The Star-Ledger

Supporters Of Tax Hike For Rich Get Boost

Some higher-income Jerseyans speak out in favor of idea to address budget shortfall

The Star-Ledger — Thursday, April 24, 2003

BY JOE DONOHUE
Star-Ledger Staff

A coalition calling for a temporary income tax increase for higher income New Jerseyans to ease the state's budget woes yesterday showcased some unexpected supporters: higher income New Jerseyans.

The taxpayers included a businessman who owns a minor-league basketball team, a former state transportation commissioner and a Princeton councilwoman who is married to a world-famous author.

"Many people of means are not knee-jerk opponents of common-sense tax plans," said Princeton Council member Wendy Benchley, wife of "Jaws" author Peter Benchley.

Former transportation commissioner Alan Sagner of Maplewood dismissed concerns that higher tax rates would trigger an exodus from New Jersey. "I'm not going anywhere. This is my home," he said.

And Herbert Greenberg, owner of Caliper Human Strategies and the Trenton Shooting Stars basketball franchise, said he doesn't mind paying higher state taxes to avoid the budget cuts proposed by Gov. James E. McGreevey. A coalition of more than 90 groups representing teachers, union members, local officials, minorities and others supports the increase as New Jersey grapples with a potential budget deficit of as much as $5 billion in the coming budget year.

The proposal would raise the income tax for single filers earning more than $250,000 annually and married filers earning more than $400,000. They now pay a top rate of 6.37 percent, but that would rise by another 1.2 to 3.1 percent under the proposal, depending on how much they earn. The increase would raise an estimated $1 billion a year, affect 50,000 taxpayers and would be phased out after three years.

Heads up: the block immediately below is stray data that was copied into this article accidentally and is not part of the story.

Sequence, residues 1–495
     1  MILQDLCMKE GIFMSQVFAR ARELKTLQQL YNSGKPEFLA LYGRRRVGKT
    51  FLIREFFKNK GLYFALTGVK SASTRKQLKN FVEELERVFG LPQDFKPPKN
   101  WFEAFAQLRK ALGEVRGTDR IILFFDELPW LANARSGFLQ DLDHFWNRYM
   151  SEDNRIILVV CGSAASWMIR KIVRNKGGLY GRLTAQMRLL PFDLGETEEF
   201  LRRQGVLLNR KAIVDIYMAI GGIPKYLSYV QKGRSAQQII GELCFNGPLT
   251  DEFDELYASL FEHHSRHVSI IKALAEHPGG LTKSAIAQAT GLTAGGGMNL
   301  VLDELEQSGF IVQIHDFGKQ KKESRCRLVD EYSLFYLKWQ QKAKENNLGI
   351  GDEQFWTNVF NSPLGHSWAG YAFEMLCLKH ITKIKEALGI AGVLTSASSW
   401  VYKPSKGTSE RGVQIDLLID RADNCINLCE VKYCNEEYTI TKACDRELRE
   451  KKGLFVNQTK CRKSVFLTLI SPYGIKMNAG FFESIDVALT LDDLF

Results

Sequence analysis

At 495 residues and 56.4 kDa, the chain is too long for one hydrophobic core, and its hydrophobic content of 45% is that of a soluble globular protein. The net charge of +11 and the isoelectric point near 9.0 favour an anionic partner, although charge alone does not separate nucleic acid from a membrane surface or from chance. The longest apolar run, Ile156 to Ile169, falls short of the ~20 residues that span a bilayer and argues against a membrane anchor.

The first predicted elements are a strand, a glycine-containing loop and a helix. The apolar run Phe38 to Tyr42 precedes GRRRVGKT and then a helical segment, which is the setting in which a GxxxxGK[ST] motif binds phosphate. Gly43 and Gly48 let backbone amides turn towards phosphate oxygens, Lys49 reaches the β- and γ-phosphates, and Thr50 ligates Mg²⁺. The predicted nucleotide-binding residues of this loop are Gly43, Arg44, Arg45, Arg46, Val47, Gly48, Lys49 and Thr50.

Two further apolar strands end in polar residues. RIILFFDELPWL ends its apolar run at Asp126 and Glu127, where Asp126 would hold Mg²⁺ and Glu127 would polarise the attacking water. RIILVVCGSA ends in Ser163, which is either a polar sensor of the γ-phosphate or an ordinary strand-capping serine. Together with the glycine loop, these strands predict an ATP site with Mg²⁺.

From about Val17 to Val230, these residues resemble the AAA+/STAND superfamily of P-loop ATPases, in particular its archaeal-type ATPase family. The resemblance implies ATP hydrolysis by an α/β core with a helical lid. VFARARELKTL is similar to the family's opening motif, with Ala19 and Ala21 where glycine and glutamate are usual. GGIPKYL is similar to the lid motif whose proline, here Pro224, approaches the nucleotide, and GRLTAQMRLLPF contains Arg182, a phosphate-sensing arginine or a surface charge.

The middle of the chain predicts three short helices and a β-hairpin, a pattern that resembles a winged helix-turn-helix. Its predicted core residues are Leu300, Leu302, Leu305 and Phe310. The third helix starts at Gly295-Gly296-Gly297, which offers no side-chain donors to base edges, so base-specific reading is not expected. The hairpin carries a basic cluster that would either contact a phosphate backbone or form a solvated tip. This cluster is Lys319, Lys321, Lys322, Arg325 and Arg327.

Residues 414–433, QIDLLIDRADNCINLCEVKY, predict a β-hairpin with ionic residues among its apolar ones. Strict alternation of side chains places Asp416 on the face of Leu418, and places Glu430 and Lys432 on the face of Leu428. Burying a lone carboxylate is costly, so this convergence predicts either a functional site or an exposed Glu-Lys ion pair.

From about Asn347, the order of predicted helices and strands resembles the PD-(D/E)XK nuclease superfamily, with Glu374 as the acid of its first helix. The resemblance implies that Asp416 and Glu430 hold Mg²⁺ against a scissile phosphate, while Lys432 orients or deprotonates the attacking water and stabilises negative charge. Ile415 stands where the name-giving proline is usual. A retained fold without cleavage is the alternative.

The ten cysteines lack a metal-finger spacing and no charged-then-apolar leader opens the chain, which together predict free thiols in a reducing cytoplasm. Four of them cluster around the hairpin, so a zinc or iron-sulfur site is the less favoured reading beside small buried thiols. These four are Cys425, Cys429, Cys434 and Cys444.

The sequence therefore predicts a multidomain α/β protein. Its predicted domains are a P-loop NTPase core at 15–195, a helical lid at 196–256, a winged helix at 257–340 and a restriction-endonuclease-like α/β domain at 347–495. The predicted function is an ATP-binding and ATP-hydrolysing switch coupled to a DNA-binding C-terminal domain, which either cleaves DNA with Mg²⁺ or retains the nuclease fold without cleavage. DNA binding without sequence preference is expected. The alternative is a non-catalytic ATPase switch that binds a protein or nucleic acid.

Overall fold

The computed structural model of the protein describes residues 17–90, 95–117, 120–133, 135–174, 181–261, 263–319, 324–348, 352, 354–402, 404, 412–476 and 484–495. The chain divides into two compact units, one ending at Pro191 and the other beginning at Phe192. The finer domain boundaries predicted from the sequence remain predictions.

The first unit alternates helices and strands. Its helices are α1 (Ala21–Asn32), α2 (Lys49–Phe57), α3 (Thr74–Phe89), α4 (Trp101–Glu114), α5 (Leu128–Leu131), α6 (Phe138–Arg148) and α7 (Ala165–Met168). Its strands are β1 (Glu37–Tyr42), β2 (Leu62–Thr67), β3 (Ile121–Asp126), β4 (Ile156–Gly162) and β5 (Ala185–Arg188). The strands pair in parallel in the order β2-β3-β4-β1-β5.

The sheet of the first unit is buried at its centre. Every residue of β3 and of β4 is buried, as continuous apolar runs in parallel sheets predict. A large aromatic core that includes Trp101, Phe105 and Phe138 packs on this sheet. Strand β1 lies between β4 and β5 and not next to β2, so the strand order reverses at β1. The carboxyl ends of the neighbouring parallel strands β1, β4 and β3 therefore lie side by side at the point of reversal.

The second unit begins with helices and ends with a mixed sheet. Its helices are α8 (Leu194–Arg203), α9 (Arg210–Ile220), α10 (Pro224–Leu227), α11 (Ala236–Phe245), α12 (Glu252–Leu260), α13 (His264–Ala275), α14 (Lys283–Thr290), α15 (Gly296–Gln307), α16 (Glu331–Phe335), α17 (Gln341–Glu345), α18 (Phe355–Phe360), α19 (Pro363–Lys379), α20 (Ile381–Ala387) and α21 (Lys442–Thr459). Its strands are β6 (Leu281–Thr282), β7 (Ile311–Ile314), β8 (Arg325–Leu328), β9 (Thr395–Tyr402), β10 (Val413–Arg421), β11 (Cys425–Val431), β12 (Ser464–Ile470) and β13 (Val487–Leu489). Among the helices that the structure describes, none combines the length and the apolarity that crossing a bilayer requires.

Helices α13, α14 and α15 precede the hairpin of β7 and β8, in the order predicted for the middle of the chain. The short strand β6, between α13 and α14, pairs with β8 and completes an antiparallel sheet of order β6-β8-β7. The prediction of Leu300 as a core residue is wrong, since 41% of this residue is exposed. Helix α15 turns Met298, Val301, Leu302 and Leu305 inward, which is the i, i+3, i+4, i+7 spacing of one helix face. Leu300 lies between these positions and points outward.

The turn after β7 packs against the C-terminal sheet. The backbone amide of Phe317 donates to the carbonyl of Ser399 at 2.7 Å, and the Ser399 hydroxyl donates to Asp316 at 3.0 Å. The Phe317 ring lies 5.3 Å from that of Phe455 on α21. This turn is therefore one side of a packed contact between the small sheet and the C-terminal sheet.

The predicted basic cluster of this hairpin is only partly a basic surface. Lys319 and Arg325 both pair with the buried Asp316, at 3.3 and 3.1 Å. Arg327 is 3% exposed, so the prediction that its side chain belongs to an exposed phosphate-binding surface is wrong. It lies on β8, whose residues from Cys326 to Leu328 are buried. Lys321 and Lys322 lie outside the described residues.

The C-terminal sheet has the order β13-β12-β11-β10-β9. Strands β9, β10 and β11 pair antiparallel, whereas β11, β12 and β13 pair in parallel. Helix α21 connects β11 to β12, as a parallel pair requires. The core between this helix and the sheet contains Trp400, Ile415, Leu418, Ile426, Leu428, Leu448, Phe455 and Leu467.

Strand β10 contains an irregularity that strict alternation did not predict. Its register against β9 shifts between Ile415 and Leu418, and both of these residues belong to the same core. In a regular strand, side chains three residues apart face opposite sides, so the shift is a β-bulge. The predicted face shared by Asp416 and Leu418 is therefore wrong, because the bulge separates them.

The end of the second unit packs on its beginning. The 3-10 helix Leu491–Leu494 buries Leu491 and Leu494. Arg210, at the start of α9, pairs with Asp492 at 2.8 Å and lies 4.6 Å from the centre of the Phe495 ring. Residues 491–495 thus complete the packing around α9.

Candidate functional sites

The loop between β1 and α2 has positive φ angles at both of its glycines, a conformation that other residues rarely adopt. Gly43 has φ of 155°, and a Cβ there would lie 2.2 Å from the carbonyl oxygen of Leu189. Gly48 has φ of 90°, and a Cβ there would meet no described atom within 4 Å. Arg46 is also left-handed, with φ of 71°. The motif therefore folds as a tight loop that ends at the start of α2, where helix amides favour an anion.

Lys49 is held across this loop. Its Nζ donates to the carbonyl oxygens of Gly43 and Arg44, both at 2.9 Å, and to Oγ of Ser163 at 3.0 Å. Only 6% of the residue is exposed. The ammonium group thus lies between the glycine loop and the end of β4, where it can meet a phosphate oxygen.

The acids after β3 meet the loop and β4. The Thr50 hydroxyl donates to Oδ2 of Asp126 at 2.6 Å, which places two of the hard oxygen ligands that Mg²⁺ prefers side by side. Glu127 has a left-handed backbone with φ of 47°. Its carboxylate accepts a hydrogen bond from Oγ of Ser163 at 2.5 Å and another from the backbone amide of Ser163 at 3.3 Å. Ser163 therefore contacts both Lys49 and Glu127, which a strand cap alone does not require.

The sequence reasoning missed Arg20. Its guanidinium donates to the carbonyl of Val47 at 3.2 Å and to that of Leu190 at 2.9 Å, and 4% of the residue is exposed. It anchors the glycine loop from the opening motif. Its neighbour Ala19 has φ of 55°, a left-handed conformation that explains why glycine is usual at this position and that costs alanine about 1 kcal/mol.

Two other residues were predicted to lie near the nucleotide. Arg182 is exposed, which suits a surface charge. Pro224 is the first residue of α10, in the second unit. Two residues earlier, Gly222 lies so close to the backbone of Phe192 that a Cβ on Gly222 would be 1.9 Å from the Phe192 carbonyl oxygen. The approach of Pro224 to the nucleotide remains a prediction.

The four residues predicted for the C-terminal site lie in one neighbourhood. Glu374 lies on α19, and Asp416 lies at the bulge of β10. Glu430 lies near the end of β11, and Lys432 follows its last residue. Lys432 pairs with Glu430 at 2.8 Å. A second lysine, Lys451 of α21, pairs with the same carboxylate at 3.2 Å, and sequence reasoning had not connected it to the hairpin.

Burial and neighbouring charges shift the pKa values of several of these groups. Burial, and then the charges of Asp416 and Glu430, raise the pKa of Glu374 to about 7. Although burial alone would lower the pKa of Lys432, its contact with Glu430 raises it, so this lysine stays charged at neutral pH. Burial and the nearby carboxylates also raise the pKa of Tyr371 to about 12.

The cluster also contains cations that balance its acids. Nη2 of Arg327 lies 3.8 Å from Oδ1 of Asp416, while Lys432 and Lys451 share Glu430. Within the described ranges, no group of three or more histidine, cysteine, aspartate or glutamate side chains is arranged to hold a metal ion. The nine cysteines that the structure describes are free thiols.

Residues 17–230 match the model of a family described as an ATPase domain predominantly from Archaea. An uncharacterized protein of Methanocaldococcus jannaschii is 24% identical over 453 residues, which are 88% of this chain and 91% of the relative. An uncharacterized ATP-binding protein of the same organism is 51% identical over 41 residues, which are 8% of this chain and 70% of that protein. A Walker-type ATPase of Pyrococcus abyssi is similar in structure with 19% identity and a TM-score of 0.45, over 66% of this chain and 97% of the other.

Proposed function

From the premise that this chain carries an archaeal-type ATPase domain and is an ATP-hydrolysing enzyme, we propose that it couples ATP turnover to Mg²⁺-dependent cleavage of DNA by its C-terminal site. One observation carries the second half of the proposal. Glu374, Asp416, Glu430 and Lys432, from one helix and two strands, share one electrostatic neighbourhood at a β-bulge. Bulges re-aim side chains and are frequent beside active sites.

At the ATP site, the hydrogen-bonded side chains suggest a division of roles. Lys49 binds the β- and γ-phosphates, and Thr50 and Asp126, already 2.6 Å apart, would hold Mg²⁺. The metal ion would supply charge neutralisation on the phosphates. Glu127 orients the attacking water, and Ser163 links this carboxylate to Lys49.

Micah Rasmussen, the governor's spokesman, said yesterday that McGreevey flatly refuses to enact increases in either the sales, income or corporate tax to balance the proposed 2004 budget. But Senate Majority Leader Bernard Kenny (D-Hudson), a member of the Senate Budget Committee, said last week that "I think it's inevitable that serious consideration will be given to some sort of high-end income tax increase in the next year or two."

Phyllis Salowe-Kaye, executive director of New Jersey Citizen Action, one of the alliance organizers, said she hopes the Legislature will enact the higher income tax before the July 1 budget year begins. But the group will maintain pressure even if that does not happen, she said.

The wealthy taxpayers who spoke out yesterday all agreed now is the ideal time to increase state income taxes because proposed federal tax cuts would more than make up for any state increase. A study by the nonpartisan Office of Legislative Services concluded that even with the state tax increases proposed by the alliance, taxpayers in the following brackets still would enjoy huge net tax breaks when the proposed federal cuts are factored in: $500,000, a $9,801 net cut; $1 million, a $19,908 net cut; and $2 million, a $31,243 net cut. "The wealthy income taxpayers would barely notice it. They still come out of it big winners," said Kenny.

However, in another sign yesterday of how hard it remains to raise major taxes, Republican Gov. George Pataki warned lawmakers not to seek even a temporary increase in income taxes for rich New Yorkers despite public opinion polls that show widespread support for such a tax.

"I think it's a job-killing tax ... I'm certainly not going to approve of something like that," he said.

Joe Donohue covers state government. The Associated Press contributed to this report.

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